I had the classic longer drawn out labor. I chose to do it naturally but with a little help from IV drugs. By the time my baby boy was born I was exhausted, out of it, and just relieved it was all over. I saw my baby boy and he was beautiful. It was unbelievable that my husband and I could actually make a human being.
We went home 2 days later and that mommy high was still there. But from day one my little man would not sleep in his bassinet or flat for that matter. Within days he started projectile vomitting. He was uncomfortable and fussy. I was waking up several times a night to feed him, sometimes having to hold him, and try different ways to get him to stay asleep. I can remember getting him to sleep during the day tightly swaddled, putting him in the bouncy seat, and tiptoeing away hoping he would sleep longer than 15-30 minutes by himself. To make it worse everyone around me, or least in seemed that way, seemed to know how to feed him and get him to sleep longer and better than me. Guess what? They couldn’t! But still I felt incompetent at times.
I can remember telling him to just “SHUT UP” and go to sleep. I was overwhelmed. Later we found out he had reflux. Of course not every baby has reflux where it needs to be medically treated. But many moms still do experience the same feelings of being overwhelmed, tired, frustrated, and sometimes a sense of failure.
My point is becoming a mother, especially the first time around, isn’t so easy. It’s not this blissful fairytale it’s made out to be at first. For many reasons.
1) All babies are different
You could have one with a bad case of reflux like mine, a baby who is just colicky with no specific reason, and you could have a typical baby. Either way is still an adjustment and life change.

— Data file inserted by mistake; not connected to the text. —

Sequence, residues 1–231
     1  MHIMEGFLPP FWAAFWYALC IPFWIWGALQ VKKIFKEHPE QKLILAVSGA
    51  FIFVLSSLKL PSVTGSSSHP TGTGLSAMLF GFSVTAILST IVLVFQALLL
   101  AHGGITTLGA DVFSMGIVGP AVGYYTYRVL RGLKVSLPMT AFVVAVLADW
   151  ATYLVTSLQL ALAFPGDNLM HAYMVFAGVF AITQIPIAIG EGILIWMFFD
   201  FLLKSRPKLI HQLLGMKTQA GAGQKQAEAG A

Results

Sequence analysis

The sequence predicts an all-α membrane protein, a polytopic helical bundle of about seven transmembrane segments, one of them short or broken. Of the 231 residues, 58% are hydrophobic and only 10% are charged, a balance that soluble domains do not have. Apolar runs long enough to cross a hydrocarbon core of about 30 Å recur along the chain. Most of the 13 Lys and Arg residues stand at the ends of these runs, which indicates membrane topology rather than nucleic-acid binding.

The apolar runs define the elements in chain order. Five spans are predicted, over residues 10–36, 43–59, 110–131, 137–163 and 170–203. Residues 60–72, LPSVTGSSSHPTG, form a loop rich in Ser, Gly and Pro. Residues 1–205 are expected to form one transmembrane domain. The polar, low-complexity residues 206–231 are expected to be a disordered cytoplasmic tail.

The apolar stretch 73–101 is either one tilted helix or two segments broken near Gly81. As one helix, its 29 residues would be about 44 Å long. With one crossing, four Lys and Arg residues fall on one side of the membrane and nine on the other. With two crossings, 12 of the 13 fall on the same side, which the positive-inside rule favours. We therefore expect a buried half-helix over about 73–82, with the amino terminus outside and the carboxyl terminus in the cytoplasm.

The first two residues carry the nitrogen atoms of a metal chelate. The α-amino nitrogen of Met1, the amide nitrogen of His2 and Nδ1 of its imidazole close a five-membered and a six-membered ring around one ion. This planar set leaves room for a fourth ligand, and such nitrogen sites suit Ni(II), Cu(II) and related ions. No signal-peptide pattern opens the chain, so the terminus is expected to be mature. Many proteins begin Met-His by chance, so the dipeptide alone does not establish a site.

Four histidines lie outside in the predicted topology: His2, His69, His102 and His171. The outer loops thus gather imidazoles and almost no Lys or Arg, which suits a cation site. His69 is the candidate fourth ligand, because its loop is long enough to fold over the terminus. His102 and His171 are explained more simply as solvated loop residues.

2) Your hormones are changing once again
You will loose hair and your skin may change for the good or bad. You may have hot flashed or night sweats as your body tries to get back to pre-pregnancy status. You just very well might be cranky to put it nicely.
3)Your emotions are all over the place
You may have the baby blues and be very emotional at times. (Of course if you feel worse, really depressed, or very anxious talk with your doctor. You could have post partum depression. Which is normal for some women so don’t be ashamed.) I can remember feeling a sense of loss after each of my births. It sounds funny but it can happen. I had post partum anxiety with my third and medication did help me.
4)Your breasts will get engorged
Which is by no means lovely or comfortable.
To help relieve them you can try cabbage leaves over each breast. It has worked wonders for some. Wearing a tight fitting sports bra will also help. DON’T do these things if you are trying to breastfeed. Lastly, your husband will look at them with amazement while you want to hit him on top of the head with a fry pan.
5)If your breastfeeding know it’s not easy at first
Maybe for a select few but for many what is suppose to be so natural is SO NOT. It can be hard, time consuming, and frustrating process. But it WILL get a lot easier. Getting help from a lacation consultant can help wonders. Again it’s a learning process. But still for some it just might not work out. And believe it or not you will feel sad and disappointed. I tried for 4 1/2 weeks and it just didn’t work. It was the best decision to stop for me and my family. It was a relief but also a feeling of unaccomplishment. (Again, we are way to hard on ourselves.) DO NOT feel bad if you don’t breastfeed. You child will turn out just fine. There is no difference between my 2 who weren’t and my child I did breastfeed for a short time.